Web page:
Informational and Causal Architecture of Discrete-Time Renewal Processes

Sarah Marzen

Redwood Center for Theoretical Neuroscience
Physics Department
University of California at Berkeley
Berkeley, CA 94720


James P. Crutchfield

Complexity Sciences Center
Mathematics Department
Physics Department
University of California at Davis
Davis, CA 95616

ABSTRACT: Renewal processes are broadly used to model stochastic behavior consisting of isolated events separated by periods of quiescence, whose durations are specified by a given probability law. Here, we identify the minimal sufficient statistic for their prediction (the set of causal states), calculate the historical memory capacity required to store those states (statistical complexity), delineate what information is predictable (excess entropy), and decompose the entropy of a single measurement into that shared with the past, future, or both. The causal state equivalence relation defines a new subclass of renewal processes with a finite number of causal states despite having an unbounded interevent count distribution. We use these formulae to analyze the output of the parametrized Simple Nonunifilar Source, generated by a simple two-state hidden Markov model, but with an infinite-state ε-machine presentation. All in all, the results lay the groundwork for analyzing processes with infinite statistical complexity and infinite excess entropy.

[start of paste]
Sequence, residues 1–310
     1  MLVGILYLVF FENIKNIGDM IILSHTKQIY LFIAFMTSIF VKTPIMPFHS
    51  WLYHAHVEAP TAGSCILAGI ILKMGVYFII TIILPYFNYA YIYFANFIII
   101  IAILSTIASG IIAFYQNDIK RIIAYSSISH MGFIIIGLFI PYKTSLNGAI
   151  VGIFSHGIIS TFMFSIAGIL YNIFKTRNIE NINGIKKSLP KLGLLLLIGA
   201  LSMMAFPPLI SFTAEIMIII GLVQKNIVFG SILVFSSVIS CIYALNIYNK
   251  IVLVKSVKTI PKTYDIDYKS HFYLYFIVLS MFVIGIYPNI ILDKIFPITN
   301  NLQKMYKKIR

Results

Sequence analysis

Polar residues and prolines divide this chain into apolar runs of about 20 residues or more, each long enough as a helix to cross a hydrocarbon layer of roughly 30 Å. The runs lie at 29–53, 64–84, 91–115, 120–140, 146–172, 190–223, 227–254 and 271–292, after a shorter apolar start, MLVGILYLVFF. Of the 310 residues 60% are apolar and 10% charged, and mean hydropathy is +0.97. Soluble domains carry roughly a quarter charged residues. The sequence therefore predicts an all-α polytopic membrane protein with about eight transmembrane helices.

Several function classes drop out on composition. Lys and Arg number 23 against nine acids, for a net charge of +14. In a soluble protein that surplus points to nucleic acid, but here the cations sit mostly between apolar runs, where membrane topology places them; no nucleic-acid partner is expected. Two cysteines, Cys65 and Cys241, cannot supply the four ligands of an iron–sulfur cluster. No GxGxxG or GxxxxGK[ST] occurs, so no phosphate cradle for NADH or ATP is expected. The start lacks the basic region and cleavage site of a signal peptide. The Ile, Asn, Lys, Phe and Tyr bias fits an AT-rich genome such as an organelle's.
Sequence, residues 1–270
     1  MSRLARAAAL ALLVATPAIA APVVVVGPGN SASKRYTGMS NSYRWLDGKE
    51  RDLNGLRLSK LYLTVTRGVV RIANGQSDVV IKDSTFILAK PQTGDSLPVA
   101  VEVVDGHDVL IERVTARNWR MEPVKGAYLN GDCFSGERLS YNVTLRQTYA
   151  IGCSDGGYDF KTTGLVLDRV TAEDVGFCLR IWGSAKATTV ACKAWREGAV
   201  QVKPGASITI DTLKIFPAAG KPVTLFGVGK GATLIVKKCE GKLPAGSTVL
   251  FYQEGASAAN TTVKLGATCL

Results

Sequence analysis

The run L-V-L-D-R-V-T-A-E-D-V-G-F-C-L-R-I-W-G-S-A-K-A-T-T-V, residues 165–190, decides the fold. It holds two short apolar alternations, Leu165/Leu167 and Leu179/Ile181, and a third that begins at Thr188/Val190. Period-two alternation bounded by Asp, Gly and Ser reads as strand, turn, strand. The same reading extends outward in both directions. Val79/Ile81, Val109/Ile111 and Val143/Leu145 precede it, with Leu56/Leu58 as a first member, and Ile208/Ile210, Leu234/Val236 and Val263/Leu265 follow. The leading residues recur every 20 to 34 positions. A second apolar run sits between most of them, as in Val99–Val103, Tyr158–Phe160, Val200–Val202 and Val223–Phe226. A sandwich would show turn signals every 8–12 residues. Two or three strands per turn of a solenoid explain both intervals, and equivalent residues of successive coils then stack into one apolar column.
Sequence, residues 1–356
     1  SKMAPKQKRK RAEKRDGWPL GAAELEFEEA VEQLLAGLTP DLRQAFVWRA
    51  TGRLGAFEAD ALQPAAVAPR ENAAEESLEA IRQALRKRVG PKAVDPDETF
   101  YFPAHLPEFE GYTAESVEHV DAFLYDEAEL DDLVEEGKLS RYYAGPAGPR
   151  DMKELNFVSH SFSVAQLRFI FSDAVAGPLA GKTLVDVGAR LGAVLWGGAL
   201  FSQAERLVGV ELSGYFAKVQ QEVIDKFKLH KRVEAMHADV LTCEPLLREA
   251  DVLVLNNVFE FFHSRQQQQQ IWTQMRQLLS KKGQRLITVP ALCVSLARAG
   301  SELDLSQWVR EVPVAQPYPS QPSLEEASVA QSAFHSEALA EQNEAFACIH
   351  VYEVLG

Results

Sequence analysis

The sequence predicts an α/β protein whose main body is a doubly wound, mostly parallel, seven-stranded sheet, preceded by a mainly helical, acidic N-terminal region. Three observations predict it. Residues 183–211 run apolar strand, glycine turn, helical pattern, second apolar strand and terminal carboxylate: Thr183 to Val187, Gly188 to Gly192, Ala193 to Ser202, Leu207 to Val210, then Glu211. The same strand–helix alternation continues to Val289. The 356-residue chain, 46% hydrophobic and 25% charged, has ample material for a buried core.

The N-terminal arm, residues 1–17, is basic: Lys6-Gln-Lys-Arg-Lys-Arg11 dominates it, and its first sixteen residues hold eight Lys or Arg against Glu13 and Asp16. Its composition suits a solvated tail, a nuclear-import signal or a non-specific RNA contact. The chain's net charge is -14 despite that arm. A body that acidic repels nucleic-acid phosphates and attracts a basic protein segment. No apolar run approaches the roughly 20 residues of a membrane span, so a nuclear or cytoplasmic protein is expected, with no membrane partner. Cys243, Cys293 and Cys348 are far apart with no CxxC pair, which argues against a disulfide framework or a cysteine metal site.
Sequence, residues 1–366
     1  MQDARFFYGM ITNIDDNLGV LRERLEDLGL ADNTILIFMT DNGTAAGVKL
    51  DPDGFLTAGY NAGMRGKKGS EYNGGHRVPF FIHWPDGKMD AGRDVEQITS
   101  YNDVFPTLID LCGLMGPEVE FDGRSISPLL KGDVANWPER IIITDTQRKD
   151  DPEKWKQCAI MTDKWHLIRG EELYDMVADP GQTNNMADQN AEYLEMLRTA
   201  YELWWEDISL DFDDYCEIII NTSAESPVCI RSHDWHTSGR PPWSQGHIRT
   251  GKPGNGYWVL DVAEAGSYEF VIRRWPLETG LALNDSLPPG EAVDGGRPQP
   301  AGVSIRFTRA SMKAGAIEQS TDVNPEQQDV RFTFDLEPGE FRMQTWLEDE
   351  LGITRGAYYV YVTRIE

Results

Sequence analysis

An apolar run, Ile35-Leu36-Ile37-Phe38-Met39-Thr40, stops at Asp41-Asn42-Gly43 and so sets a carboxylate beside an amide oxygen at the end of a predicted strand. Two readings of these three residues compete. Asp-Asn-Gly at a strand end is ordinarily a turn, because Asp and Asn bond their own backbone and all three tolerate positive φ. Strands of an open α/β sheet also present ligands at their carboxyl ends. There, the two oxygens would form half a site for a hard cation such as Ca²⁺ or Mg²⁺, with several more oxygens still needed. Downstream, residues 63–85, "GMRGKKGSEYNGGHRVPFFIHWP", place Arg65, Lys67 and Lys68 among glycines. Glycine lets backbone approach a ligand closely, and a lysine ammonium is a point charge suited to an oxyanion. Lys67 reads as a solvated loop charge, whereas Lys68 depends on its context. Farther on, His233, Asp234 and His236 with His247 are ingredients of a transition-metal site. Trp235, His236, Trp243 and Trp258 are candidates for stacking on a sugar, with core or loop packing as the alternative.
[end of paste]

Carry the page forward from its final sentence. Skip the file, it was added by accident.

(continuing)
Sarah Marzen and James P. Crutchfield, "Informational and Causal Architecture of Discrete-Time Renewal Processes", Entropy 17:7 (2014) 4891-4917. doi:10.3390/e17074891.
[pdf] 1.7 MB
Santa Fe Institute Working Paper 14-08-032. [cond-mat.stat-mech].